Though it may seem like a lot of our cities are bombarded with high obesity rates, fast food and poor nutrition, there are still places that do their best to reflect the opposite—like Venice Beach, California. It’s where we found a couple of guys who are very passionate about creating healthy and affordable food options that taste amazing, make you feel amazing and reduce the carbon footprint. Tom Elliott and Spoon Singh, the owners of restaurants Bank of Venice and Venice Ale House are happy to be serving locally grown organic foods to their clients.

Is organic food expensive? Sure it is. But for Elliott it’s more important to do what feels right. “The cheapest and easiest thing to do is not always the right thing to do,” says Elliott. Adding, “it’s not the right thing to do”.

Elliott is referencing certain mass food production industries that genetically modify crops and spray pesticides. Actions that lead to things like killing off our bee population. A solution might be cheap and easy, but it can’t be right if it creates more negative side effects.

Know your food before you eat it

burger-at-venice-ale-house“The more I did research on it, the more I realized how outrageous food production is,” Elliott continued, “I was so fascinated by how much difference there is in not only the nutritional value in foods, but what it’s doing to the environment and how much we are duped as consumers. There’s so much lying and deceit in the food industry and marketing of food.”

It’s no secret that pesticides have bad side effects, but our country’s eating habits can make that an easy fact to ignore. In a conversation you might not expect to have over a beer on the Venice Beach boardwalk, Elliott built a strong case for why knowledge of the food on your plate shouldn’t be ignored.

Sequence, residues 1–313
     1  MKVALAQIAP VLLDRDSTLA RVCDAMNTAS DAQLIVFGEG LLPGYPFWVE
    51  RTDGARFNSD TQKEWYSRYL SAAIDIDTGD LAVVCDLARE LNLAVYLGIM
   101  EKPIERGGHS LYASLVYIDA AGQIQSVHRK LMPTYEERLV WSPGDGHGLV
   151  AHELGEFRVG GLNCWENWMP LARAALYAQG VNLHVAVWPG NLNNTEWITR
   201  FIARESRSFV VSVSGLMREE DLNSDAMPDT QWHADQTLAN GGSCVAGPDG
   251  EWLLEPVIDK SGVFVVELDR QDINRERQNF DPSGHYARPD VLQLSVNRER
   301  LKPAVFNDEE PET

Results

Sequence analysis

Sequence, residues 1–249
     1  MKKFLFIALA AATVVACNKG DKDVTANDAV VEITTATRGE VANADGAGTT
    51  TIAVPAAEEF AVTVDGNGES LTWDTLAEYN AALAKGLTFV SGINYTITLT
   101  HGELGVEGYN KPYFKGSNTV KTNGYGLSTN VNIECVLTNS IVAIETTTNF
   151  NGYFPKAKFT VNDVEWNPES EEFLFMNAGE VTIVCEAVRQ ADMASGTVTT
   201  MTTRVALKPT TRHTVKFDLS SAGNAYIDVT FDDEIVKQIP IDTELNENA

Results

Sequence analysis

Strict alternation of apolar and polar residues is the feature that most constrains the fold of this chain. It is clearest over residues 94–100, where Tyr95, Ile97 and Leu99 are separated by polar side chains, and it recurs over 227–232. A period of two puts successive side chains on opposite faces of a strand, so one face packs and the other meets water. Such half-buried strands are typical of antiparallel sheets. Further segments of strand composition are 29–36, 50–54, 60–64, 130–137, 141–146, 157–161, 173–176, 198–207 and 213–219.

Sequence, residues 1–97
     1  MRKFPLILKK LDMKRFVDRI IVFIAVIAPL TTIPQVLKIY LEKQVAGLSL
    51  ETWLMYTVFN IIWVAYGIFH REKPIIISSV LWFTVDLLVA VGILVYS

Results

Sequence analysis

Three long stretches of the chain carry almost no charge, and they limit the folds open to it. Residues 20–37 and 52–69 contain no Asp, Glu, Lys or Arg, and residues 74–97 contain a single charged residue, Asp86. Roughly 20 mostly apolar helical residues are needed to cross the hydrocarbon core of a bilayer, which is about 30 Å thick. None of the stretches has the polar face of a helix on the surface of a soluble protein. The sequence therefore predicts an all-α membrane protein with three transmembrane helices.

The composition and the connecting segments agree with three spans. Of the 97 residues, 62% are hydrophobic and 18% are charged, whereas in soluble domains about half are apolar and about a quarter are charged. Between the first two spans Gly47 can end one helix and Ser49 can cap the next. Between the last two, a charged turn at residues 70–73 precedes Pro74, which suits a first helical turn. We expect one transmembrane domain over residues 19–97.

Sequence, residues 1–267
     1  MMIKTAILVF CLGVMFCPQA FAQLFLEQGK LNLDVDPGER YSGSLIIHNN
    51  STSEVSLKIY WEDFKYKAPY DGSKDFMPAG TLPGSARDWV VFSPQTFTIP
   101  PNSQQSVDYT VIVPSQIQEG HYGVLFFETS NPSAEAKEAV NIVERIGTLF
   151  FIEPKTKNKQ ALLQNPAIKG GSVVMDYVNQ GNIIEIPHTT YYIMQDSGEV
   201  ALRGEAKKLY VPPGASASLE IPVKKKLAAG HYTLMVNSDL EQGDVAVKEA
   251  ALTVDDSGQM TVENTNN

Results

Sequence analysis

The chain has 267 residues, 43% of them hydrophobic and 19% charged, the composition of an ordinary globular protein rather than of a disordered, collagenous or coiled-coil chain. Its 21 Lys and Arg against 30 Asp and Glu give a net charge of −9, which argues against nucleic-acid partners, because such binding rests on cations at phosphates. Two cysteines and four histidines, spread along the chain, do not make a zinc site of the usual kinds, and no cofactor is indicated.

“That became my own personal mantra – Know where your food came from. You should be able to identify how everything got from where it started to your plate.” Elliott said.

How to make organic affordable?

Raised in the progressive state of Colorado, with a mom who put a high focus on nutritious foods, Elliott had healthy eating habits. He and his friend Spoon Singh wanted to create healthy options for their customers and knew that it would be too expensive to charge the standard amount to cover their overhead costs; so they had to get creative.

“The way that we did it was we said ‘we’re going to sell a lot of beer’. So even if we’re not making any money on food, at least we’ll make some money on beer, but the beer is only going to be local.”

Venice Ale House and Bank of Venice serve all California beer and wine to both support local breweries and wineries, and to reduce their carbon footprint.

They take a smaller profit from food sales, but make up for it in beer sales. As a result, Venice Ale House was successful enough for the two to open up Bank of Venice and Austin Ale House in Texas.

Eat Good. Feel Good. Live Good.

food-at-venice-ale-houseSometimes heavy, fried “hangover” food is an easy go-to that makes you feel ‘better’ in the moment. But, hours later you can feel lousy, fatigued and generally down. Often after that, one can reach for the soda to get that afternoon pick-me-up only to be faced with the sugar crash that follows.

Elliott set out to create food that tastes just as good but doesn’t come with that lousy feeling. Bank of Venice and Ale House don’t fry any of their foods. Instead of french fries you’ll get “un-fries”: thinly sliced roasted potatoes.

Both restaurants are also a soda free zone. All drinks are made from fresh squeezed juices. If you want a Ginger Ale, you can expect fresh ginger juice mixed with simple syrup and soda water.

For Elliott it’s less about profit and more about eating good, feeling good, and living good.

“If I really wanted to maximize my profit as a business man I’d get rid of all of my organic vendors and I’d use some other suppliers that get the cheapest food possible, but then we taste like everything else on the beach and I wouldn’t eat here” Elliott continued, “That’s what I tell all my customers when they ask me how the food is… I say ‘well you see me eating here don’t you?’ Because my integrity is on the line and I have to stand by what I sell.”